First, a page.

In one of the most bizarre murder cases for a long time, a PJ inspector charged and condemned to 17 years in jail for shooting her mother-in-law over 14 times with what was believed to be a police-issue Glock has finally ‘walked free’ from the very court that found her guilty three years ago.
Ana Saltão has been in and out of the news since the brutal killing of her 80-year-old mother-in-law in Celas, Coimbra in 2012.
Initially found not guilty by a Coimbra court, the verdict was overturned on appeal, which Saltão’s defence then appealed again to the Supreme Tribunal of Justice.
Ever present was the principle “in dubio pro reo” – doubts favouring the accused.
PJ colleagues in Coimbra were, said tabloid Correio da Manhã, never in any doubt.
Detectives always believed they had their killer, said the paper.
Saltão and her husband, also an inspector with the PJ, were in debt before Filomena Gonçalves was gunned down, and her death “resolved all their financial problems”.
With the Glock – “said to have been stolen from the locker” of one of Saltão’s PJ colleagues in Porto – never recovered, the issue of proof rested on ‘facts’ that Saltão’s jacket showed gunshot residue, and she had a wound to her right hand.
Saltão however maintained the wound was caused by a cooking incident, and it was later argued that the gunshot residue could have resulted from ‘contamination’ from the jacket having been left on the floor in PJ offices.
As to motive, the ‘debt’ held by Saltão and her husband was such that the killer would have to be a sociopath or have a long-running conflict with the deceased to have decided shooting multiple times was the answer.
According to Supreme Tribunal prosecutor Graça Marques the court had to absolve the inspector, due to the “impassable conflict between facts proved” which made her condemnation “unviable”.
Marques ruled there was a “notable error” in the appeal court decision that had accepted as proved that both the defendant and the victim had been facing each other.
A second autopsy on the dead pensioner’s body (exhumed due to all the doubts) showed “there were places where bullets had entered from the side”.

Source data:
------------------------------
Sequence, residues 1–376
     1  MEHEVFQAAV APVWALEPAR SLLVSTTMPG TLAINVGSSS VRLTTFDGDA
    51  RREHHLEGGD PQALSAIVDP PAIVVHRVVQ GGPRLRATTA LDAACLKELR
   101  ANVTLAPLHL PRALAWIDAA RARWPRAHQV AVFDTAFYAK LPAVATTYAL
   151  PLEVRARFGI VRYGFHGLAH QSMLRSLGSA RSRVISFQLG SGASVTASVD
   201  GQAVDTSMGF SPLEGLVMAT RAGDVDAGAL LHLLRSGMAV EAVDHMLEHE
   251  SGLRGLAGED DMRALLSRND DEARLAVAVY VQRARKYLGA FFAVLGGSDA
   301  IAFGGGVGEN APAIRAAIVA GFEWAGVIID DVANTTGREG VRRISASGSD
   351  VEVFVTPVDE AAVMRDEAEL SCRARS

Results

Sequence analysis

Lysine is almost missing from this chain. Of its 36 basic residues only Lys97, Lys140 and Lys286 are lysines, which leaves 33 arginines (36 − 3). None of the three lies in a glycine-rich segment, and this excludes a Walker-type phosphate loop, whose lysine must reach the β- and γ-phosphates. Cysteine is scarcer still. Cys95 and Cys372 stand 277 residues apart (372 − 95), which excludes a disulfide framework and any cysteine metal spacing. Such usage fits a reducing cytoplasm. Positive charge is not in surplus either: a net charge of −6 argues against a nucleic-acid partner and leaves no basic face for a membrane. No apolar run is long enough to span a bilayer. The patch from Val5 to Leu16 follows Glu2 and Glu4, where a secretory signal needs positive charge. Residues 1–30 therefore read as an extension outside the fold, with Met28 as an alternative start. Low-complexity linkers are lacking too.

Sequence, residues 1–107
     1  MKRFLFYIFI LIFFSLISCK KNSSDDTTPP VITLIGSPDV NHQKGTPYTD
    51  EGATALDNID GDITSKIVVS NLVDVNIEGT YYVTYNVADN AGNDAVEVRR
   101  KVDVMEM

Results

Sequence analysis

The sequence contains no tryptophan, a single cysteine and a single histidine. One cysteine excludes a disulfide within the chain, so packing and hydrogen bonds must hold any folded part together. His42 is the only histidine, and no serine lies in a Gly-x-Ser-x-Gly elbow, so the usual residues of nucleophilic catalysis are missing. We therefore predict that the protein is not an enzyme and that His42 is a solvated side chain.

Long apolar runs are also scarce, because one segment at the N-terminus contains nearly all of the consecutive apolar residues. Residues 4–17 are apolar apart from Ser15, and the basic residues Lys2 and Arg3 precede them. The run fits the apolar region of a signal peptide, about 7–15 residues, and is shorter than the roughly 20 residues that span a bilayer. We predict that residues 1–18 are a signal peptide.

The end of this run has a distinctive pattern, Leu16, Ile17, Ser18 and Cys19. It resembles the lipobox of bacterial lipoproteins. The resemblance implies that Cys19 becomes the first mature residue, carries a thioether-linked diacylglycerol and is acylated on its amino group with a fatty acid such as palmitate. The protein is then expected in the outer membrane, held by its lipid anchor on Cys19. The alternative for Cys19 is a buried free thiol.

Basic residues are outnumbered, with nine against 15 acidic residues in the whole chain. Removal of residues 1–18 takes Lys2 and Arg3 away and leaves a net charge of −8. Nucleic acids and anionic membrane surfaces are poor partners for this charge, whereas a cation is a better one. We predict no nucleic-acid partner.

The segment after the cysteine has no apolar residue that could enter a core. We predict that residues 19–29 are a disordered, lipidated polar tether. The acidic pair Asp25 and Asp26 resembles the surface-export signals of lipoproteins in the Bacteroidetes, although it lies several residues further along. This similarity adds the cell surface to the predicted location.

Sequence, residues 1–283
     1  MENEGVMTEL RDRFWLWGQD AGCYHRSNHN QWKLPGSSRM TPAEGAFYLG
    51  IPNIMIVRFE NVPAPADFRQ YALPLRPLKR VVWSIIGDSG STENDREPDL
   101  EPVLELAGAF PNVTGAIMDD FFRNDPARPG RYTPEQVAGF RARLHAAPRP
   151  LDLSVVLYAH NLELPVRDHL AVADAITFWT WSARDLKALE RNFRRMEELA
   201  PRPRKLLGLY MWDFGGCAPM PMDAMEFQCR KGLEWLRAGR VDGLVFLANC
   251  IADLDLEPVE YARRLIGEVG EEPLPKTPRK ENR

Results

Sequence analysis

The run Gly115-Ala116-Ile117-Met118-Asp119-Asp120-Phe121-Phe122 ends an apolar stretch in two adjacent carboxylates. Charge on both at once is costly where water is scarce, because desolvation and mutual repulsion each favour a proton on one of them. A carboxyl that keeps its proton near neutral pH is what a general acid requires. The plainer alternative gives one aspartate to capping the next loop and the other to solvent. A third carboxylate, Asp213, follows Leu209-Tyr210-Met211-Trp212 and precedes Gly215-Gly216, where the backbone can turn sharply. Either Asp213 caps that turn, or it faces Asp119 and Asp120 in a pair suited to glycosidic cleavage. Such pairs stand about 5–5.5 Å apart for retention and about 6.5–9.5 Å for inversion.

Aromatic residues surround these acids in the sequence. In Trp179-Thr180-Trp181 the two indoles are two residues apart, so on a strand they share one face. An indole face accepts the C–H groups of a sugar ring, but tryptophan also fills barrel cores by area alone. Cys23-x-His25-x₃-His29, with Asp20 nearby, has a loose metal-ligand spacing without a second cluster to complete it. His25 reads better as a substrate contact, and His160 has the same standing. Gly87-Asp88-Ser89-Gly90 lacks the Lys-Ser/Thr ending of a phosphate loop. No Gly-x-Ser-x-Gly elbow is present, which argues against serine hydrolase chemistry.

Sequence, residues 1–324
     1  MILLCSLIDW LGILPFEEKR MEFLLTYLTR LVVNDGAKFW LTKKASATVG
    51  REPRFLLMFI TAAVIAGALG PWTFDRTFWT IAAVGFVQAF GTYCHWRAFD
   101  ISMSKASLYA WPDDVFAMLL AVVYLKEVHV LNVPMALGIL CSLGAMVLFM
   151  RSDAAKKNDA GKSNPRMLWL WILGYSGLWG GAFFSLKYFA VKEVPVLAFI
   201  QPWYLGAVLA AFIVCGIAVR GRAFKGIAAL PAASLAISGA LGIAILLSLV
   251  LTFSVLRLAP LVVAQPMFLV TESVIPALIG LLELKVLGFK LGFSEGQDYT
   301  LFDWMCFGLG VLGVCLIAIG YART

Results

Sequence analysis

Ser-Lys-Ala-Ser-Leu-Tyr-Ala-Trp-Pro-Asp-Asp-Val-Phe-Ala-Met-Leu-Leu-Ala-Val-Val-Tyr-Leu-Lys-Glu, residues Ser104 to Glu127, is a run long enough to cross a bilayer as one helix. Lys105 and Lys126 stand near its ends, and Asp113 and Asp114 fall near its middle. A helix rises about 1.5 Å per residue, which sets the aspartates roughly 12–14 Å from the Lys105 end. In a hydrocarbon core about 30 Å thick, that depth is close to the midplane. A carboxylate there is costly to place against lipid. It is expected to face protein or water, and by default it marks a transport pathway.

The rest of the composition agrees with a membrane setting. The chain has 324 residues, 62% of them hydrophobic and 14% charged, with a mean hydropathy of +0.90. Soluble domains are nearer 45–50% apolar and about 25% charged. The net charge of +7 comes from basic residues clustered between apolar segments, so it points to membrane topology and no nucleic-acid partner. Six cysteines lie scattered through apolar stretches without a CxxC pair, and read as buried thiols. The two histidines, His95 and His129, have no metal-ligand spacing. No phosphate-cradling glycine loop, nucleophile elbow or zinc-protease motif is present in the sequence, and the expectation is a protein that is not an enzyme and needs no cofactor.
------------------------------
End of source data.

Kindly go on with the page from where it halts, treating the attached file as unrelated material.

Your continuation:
Also there appeared to have been an error in the number of entry wounds initially stated.
The appeals court had ‘accepted’ 14, said CM, while Marques was said to be in possession of reports that detailed “at least 15”.
Marques was also described as believing it was “not possible to determine motive”.
Back in 2016, CM suggested Marques had a “known friendship” with Coimbra magistrate Maria João Barata who initially freed Saltão from five-months preventive custody and was later removed from the case.
The friendship was “causing discomfort within the Public Ministry”, stressed CM – which continued – and continues – to pursue the theory that Saltão ‘did it’.
In the retrial, State prosecutors were asking for a 25 year jail term. But yesterday they heard they will not be getting it, and there is no further basis for another appeal.
Finally, after six years of legal battling, Ana Saltão has been freed from the murder charge that the same court deemed proven back in 2015.
Observador suggests this may not be ‘the end’ to this story.
“The Public Ministry can still appeal”, says the paper, but only to the Constitutional Court – and with two ‘not guilty’ rulings in the past, no one can possibly say what decision might be forthcoming.
In the meantime, the case has to ‘transitar em julgado’ (officially pass through all the channels before this latest decision is ratified).
And of course the question remains, if Ana Saltão didn’t gun down her mother in law all those years ago, then who did?